The McMaster Museum of Art (MMA) is pleased to announce that Rhéanne Chartrand has been named the MMA’s inaugural Aboriginal Curatorial Resident. Her one-year residency runs July, 2016 through June, 2017.
During the year, Chartrand will develop two exhibitions at McMaster centered on Indigenous art. More specifically, her focus will be contemporary Indigenous artists and the history of curatorial practice related to Indigenous art in Canada. Leading up to the exhibitions, her work at the Museum will include collections research, programming and partnerships with Indigenous communities.
Chartrand has worked with numerous galleries and cultural organizations including Aboriginal Pavillion for Toronto 2015 Pan Am Games, Indigenous Performing Arts Alliance, and aluCine Latin Film+Media Arts Festival. She brings rich experience and energy to the MMA residency, as well as a deep commitment to build cross-cultural connections and creative collaborations between Indigenous peoples of the Americas.
“The Museum has a strong history of exhibiting and collecting Indigenous art,” says MMA Director and Chief Curator Carol Podedworny. “We are thrilled to now welcome Rhéanne to our team, to learn from, and to share her voice and vision.”
This Residency was made possible by the Office of the President and the Office of the Provost, McMaster University.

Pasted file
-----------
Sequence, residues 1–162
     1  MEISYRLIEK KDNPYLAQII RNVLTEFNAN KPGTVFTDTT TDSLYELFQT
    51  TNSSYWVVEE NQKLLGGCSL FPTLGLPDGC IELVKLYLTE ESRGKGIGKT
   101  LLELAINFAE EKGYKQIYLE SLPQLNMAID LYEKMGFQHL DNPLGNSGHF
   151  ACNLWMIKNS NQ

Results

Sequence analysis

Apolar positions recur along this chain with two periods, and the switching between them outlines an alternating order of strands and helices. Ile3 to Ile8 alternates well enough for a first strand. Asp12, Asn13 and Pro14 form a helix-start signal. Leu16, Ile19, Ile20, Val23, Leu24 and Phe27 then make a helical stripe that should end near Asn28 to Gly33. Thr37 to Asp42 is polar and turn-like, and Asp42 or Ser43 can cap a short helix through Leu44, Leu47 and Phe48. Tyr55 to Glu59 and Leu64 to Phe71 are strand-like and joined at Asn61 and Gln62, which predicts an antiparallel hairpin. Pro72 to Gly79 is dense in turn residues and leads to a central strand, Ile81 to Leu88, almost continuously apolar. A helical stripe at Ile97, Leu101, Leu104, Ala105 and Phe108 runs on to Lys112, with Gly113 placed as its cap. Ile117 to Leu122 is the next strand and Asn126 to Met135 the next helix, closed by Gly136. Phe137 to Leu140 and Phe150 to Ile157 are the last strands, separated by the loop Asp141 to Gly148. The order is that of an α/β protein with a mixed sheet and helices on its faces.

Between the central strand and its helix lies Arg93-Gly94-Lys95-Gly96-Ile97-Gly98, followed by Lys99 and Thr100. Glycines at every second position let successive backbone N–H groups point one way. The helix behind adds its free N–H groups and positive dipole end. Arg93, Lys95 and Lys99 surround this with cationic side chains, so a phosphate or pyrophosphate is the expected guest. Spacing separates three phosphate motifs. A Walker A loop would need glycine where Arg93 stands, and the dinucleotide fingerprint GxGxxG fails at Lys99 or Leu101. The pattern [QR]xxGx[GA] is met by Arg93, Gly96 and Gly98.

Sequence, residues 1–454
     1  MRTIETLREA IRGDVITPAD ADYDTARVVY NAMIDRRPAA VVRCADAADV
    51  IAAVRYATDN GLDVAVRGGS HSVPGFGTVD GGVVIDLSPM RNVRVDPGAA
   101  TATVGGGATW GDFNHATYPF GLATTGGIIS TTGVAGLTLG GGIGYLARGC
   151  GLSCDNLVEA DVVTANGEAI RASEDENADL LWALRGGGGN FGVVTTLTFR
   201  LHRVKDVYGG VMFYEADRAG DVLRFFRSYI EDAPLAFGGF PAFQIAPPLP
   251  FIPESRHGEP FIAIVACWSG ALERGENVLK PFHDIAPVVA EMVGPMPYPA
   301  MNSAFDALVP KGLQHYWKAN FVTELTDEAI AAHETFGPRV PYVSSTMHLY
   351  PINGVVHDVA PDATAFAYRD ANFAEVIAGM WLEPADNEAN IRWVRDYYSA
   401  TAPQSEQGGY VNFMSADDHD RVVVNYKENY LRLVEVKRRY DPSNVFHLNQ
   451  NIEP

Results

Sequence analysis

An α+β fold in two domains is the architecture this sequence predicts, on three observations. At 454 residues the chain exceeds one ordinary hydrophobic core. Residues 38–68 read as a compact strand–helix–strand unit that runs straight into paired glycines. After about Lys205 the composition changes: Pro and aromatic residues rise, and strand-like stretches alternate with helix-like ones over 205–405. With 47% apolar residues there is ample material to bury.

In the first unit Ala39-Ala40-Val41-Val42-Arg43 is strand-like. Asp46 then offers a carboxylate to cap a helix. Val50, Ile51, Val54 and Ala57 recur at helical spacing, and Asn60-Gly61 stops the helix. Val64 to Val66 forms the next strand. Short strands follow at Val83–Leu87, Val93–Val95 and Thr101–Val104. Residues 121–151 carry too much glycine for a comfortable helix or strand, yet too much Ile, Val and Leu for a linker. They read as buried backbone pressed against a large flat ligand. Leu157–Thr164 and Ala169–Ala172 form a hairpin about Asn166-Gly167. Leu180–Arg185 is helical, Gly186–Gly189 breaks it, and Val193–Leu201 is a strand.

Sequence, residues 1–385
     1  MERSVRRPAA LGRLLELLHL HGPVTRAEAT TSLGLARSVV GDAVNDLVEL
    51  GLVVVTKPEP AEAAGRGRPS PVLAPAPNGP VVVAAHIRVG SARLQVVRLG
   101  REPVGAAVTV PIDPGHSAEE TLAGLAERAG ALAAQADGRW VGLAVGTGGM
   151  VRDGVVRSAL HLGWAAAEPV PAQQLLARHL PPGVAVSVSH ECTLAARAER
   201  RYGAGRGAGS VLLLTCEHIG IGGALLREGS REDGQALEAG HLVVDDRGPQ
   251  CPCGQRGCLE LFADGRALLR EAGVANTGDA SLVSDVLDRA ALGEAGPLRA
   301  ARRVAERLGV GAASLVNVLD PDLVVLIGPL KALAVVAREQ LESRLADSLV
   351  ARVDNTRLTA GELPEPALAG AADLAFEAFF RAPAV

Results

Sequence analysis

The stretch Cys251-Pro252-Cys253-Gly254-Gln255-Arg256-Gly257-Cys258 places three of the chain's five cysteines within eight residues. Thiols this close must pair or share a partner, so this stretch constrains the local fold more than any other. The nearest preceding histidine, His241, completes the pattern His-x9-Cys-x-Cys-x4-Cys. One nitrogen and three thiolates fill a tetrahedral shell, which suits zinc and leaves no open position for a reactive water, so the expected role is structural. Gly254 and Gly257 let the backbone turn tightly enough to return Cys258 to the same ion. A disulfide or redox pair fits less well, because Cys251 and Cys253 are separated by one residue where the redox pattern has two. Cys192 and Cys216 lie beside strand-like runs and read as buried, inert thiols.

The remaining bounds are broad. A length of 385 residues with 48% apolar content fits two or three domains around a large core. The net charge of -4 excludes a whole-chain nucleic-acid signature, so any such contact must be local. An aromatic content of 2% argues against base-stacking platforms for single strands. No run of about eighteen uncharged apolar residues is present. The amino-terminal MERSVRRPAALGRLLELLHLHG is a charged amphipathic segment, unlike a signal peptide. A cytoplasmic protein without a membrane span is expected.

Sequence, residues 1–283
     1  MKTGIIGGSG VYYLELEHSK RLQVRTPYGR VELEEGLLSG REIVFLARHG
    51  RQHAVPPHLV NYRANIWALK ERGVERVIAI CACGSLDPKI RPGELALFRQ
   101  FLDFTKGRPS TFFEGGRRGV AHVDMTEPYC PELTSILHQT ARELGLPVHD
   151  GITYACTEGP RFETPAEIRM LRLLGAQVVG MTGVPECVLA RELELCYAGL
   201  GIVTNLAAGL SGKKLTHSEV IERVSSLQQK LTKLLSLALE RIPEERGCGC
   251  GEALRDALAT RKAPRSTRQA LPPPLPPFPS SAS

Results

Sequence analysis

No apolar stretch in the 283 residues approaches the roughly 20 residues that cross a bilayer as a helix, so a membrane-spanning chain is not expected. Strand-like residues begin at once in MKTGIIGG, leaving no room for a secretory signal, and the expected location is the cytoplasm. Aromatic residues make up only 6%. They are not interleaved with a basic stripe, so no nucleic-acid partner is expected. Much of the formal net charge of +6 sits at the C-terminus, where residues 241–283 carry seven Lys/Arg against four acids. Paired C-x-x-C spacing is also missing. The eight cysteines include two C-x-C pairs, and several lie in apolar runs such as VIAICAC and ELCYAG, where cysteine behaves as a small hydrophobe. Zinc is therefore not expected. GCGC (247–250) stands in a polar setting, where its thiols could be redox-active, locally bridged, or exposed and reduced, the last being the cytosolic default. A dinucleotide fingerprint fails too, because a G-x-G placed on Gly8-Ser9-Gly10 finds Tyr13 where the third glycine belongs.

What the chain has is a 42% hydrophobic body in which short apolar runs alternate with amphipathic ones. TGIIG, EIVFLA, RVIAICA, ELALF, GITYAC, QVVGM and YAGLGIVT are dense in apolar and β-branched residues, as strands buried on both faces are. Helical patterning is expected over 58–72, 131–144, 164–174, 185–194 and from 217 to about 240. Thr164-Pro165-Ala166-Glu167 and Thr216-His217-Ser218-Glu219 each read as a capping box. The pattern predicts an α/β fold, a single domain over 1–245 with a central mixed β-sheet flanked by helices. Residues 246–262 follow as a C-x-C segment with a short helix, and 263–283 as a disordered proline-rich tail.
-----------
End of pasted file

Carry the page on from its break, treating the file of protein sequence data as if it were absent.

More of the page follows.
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Rhéanne Chartrand is a curator, arts administrator, and cultural animator based in Toronto, Canada. She holds an Honours Bachelor of Arts in History and Anthropology from McMaster University and a Master of Museum Studies from the University of Toronto. Rhéanne has over six years of experience producing interdisciplinary and multidisciplinary exhibitions, showcases and large-scale events. Recently, she served as Festival Coordinator for aluCine Latin Film+Media Arts Festival 2016. As well, she recently curated a performing arts showcase on behalf of Indigenous Performing Arts Alliance and prior to that, served as Artistic Director for the Aboriginal Pavilion, a 16 day Indigenous arts, culture and sports festival that was held in conjunction with the TORONTO 2015 Pan Am / Parapan Am Games. Rhéanne co-directed and co-produced the Aboriginal Pavilion’s Opening Night Showcase alongside Alejandro Ronceria, and solo curated Gazing Back, Looking Forward, a photographic and mixed media art exhibition at Fort York Visitor’s Centre. In addition to Gazing Back, Looking Forward, she has participated in other curatorial projects, most notably as co-curator of Sanaugaq // Things Made by Hand. She has participated on numerous academic and industry conference panels and has guest lectured at OCADU and McMaster University. In addition to her Métis roots in Canada, Rhéanne grew up with a deep appreciation of and connection to Latin American cultures.